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Estrogen and Heart Disease

Starting in the fifth decade of life, during perimenopause and manifesting in a more pronounced way in the sixth decade when complete menopause has established itself, chronic diseases may begin to emerge in many women.

Menopause is characterized as a decrease in sex steroid hormones  (testosterone estrogen, and progesterone) due to ovarian (gonadal) failure. This decrease in hormones affects hormone responsive organ systems such as the cardiovascular system, bone and the nervous system.

Women can also begin to get metabolic disorders at this time, which are responsible for the chronic diseases that can occur. These metabolic changes can include cholesterol problems, high triglycerides, blood sugar irregularities, weight gain and insulin resistance (which may lead type II diabetes). All these conditions can be prevented and treated. Lets go into a bit more detail here on each disorder and condition.

The specific changes to cholesterol during this time include increase in low-density lipoprotein (LDL), an increase in triglycerides (TG) and it decrease in high density lipoprotein (HDL). In addition, the protective effect of HDL also appears to diminish after menopause and this is thought to be because the HDL particles become smaller.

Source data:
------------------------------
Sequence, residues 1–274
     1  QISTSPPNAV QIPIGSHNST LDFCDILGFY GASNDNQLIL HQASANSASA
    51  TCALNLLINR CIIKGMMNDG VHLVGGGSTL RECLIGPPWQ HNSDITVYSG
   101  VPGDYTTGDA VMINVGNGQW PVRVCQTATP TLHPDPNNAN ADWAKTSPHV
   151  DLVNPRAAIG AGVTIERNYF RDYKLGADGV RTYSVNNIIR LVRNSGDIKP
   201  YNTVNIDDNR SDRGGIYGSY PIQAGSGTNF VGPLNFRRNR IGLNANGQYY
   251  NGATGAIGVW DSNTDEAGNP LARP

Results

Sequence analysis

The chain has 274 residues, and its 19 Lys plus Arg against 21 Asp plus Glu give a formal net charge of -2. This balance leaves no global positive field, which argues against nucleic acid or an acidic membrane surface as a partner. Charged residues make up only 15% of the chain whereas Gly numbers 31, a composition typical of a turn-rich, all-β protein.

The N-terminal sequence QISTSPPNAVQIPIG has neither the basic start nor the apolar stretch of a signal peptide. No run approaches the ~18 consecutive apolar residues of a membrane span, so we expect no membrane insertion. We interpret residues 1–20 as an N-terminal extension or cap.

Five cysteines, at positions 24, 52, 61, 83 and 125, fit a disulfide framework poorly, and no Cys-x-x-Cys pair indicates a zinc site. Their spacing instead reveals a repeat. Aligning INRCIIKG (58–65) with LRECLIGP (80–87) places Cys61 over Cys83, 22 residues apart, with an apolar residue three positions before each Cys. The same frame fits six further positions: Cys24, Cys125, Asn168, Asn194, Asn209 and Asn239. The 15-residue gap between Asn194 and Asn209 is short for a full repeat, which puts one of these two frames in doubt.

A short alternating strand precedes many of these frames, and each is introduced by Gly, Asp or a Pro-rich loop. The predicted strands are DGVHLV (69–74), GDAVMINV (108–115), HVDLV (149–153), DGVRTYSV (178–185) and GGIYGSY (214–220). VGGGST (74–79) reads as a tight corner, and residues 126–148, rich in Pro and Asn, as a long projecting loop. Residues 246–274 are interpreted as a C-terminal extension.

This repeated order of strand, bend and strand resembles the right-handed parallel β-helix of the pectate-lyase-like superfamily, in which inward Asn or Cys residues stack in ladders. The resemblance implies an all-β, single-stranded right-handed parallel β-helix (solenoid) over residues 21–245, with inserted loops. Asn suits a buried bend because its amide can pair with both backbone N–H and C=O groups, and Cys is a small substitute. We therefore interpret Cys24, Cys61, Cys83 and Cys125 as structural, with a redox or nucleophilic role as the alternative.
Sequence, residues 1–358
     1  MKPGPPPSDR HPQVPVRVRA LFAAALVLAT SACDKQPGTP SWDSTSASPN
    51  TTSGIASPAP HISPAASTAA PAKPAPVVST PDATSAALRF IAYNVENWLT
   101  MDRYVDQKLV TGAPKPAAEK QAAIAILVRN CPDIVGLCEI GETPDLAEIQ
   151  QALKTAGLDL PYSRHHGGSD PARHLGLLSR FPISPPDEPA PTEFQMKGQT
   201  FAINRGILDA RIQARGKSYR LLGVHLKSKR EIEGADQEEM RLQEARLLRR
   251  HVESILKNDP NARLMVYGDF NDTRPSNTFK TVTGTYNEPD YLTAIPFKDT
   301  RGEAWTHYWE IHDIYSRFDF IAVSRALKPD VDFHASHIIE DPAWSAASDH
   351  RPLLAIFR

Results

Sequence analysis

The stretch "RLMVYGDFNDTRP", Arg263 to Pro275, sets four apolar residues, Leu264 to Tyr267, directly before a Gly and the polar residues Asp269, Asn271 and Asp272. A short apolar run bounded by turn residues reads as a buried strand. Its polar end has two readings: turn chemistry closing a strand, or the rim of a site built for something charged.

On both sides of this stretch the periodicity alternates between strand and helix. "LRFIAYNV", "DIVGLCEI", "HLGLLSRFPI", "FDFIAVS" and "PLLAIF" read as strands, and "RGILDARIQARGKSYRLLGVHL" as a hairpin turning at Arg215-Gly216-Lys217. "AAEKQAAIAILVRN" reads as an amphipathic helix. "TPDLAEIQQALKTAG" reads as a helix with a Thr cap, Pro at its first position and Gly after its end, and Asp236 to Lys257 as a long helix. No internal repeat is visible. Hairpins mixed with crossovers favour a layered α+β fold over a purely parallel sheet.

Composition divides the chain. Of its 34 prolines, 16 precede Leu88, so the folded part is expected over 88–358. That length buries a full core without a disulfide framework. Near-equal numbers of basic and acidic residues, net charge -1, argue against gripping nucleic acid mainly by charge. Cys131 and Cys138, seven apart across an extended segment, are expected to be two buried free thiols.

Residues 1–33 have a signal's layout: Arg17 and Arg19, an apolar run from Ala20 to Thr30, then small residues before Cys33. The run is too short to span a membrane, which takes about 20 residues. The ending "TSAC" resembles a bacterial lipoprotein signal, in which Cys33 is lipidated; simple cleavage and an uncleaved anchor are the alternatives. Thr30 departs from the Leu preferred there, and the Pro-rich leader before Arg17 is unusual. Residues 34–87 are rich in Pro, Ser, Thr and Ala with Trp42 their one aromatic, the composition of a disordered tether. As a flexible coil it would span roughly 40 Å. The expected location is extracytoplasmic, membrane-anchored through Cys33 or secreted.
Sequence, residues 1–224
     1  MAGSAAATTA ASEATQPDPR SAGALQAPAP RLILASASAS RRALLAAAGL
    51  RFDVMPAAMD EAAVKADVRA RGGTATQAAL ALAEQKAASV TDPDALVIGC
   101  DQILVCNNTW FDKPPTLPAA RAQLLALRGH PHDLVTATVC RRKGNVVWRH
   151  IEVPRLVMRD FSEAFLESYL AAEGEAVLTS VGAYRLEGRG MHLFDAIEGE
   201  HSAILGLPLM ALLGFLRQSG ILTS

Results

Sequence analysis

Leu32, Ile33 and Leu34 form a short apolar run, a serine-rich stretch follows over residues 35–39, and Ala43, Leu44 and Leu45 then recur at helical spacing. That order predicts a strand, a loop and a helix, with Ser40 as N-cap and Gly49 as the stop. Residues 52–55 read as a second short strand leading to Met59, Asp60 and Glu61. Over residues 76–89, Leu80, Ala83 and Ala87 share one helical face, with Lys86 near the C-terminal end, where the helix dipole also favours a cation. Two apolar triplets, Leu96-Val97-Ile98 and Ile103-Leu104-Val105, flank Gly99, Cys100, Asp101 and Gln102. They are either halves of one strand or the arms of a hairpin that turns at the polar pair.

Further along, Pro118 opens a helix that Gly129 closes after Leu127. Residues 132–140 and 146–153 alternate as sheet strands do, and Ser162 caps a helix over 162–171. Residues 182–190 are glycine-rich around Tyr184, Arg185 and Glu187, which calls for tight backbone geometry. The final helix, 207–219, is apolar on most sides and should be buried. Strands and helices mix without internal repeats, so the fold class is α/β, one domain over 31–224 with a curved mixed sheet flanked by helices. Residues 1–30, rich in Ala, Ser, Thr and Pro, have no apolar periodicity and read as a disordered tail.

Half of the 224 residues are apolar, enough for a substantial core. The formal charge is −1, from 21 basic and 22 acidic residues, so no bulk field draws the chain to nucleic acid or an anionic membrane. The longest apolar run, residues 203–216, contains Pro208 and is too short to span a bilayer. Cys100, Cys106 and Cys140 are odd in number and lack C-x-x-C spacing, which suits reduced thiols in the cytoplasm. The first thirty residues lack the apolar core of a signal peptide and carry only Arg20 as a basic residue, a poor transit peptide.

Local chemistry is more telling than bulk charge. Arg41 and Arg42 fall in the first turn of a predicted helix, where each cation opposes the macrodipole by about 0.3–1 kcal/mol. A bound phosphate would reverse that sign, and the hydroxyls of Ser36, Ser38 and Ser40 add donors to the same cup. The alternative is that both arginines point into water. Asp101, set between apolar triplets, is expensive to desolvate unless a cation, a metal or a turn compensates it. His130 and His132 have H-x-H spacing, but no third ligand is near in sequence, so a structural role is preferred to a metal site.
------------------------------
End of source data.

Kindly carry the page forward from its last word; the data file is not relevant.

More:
After menopause the decline in estrogen makes the blood vessel wall more susceptible to damage from oxidative stress. Oxidative stress is caused directly by the increase in LDL (especial oxidized LDL) and the decrease in the protective HDL. Other factors that increase oxidative stress are exposure to environmental pollution, smoking, poor diet and excessive emotional stress.

The use of hormone therapy is known to have a beneficial effect on cholesterol largely reversing the negative changes seen after menopause. The main benefit seen is a decrease in LDL in an increase in HDL. This was confirmed by a recent meta-analysis (comprising 16 randomized, placebo-controlled research studies conducted between 1997-2011. Where 17,971 cases were included), demonstrating that estrogen replacement therapy dramatically reduced plasma total cholesterol and LDL. The bottom line is that heart disease progresses in post-menopausal women. Also, in post menopausal women, ‘bad’ cholesterol goes up and that hormonal therapy has been shown to have a beneficial effect on cholesterol.

Stay tuned for more intersesting and up to date facts about heart disease as Dr Steve is working on his second book on reversing heart disease!